Here women are seeking but find only aging,
Here the measure of work is fatigue.

(Not productivity or value. "From each according to his ability.")
August 13, 2016 | Unregistered CommenterNautilus Pompilius
I think it's funny how people can recognize how just one instance of very bad luck can ruin someone's life, but don't recognize how much good luck it takes to not have that that one instance or many instances of bad luck.
August 14, 2016 | Unregistered CommenterChloe
Robert Frank was talking about the kind of good luck that leads to success, which is then attributed to talent and hard work. Staying healthy and not getting into car accidents is great, but it doesn't necessarily lead to success. It's the flip side of the bad luck that can lead to ruin. But people can still mitigate risks: buy health insurance, don't smoke, buckle up, save for a rainy day, prepare an emergency kit, hope for the best prepare for the worst, you get the idea.
August 14, 2016 | Unregistered CommenterMax
I think Robert Frank was talking about the kind of luck that's not having good luck. You can't have one without the other. It's hard to see how someone with a disabling brain injury in a car accident in youth is supposed to be successful. Not having that happen is good luck. It's demonstrated in the exchange where Julia mentions how the person who's asked about what if he was born poor in Africa, and fails to recognize, if he was born poor in Africa, he might not have the same abilities, health, and infrastructure through his early life to make him the type of person with education, intellect, and the ambition to persevere. Not having those things is bad luck. Having those things is good luck. (After all, nobody chooses where they're born and with whom they spend the early years of their life.
August 14, 2016 | Unregistered CommenterChloe
Hypotheticals like "What if you were in X's shoes?" usually imply that you are still you in the hypothetical scenario. Otherwise, the answer would always be, "I'd do exactly what X did because I'd be X and not me," which isn't very insightful. But sure, if you're born into a culture of poverty or a communist regime that punishes instead of rewards intellect and ambition, that would suck. You'd be lucky to emigrate.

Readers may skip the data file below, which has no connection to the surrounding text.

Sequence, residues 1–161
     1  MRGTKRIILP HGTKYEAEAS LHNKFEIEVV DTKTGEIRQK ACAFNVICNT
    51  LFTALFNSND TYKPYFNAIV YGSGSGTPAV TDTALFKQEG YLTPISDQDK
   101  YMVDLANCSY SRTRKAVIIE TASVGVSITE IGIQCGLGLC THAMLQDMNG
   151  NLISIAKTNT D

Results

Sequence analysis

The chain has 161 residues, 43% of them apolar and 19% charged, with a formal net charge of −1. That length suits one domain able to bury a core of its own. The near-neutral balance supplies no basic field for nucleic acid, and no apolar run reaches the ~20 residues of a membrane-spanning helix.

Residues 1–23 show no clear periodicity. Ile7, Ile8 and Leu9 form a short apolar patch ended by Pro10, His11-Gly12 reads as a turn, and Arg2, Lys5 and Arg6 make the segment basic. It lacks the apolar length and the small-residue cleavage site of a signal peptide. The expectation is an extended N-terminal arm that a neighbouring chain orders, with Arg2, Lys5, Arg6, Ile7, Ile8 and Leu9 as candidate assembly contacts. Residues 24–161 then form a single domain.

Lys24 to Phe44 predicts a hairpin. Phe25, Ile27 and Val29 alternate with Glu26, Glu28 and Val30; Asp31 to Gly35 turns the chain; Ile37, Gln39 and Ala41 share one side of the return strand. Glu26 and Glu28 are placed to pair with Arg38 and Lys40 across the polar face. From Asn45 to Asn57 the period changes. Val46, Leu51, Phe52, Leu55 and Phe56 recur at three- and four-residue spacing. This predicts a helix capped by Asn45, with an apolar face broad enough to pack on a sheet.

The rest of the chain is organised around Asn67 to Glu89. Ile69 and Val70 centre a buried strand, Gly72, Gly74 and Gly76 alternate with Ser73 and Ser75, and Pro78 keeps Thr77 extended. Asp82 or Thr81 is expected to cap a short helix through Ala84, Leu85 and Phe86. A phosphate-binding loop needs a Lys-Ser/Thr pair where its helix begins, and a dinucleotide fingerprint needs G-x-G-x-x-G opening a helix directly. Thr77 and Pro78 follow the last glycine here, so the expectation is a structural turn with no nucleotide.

Google founder Sergey Brin had the bad luck of being born Jewish in the Soviet Union. His father Mikhail said, "I had all A’s except for three classes where I got B’s: history of the Communist Party, military training and statistics. But nobody would even consider me for graduate school because I was Jewish. That was normal.” So he became an economist for the central planning agency. “I was trying to prove that, in a few years, living standards in Russia would be higher than in the United States. And I proved it. I know enough about math to prove whatever you want."
But Sergey was lucky that his father announced, "We cannot stay here anymore," after attending a conference in Warsaw, where he learned about life outside the Iron Curtain. And he was lucky that his family was granted an exit visa and didn't stay stuck as refuseniks. He was better off being a poor immigrant in the U.S. than living relatively comfortably in Moscow.

In a previous episode of Rationally Speaking, the guest, Bryan Caplan, argued that genetics accounts for people's success, and parenting makes little difference, but as I recall, even he acknowledged that moving to a different country or environment does make a difference.
August 15, 2016 | Unregistered CommenterMax
Justin wrote:

"I feel it's really a matter of how all the factors increase your chances of a desired outcome and not luck. That doesn't sell a book though... "

Sounds like you're just making up narratives to show that a known conclusion was inevitable. Very unscientific.
August 16, 2016 | Unregistered CommenterGreg Esres
Garry Kasparov said, in chess the rules are fixed and the outcome is unpredictable, while in Russia it's vice-versa.
August 16, 2016 | Unregistered CommenterMax
Excellent podcast and need some opinions?
Has medical science gone to far with keeping people alive?
Example: A intelligent person suffers a Traumatic Brain Injury and can pass away naturally.
Nero Surgeons keeps them alive knowing the patient will end up in a wheelchair brain dead.
Friends and family will say to this person you are so lucky to be alive.
Is this person so lucky to be alive?
August 18, 2016 | Unregistered CommenterRobert Frank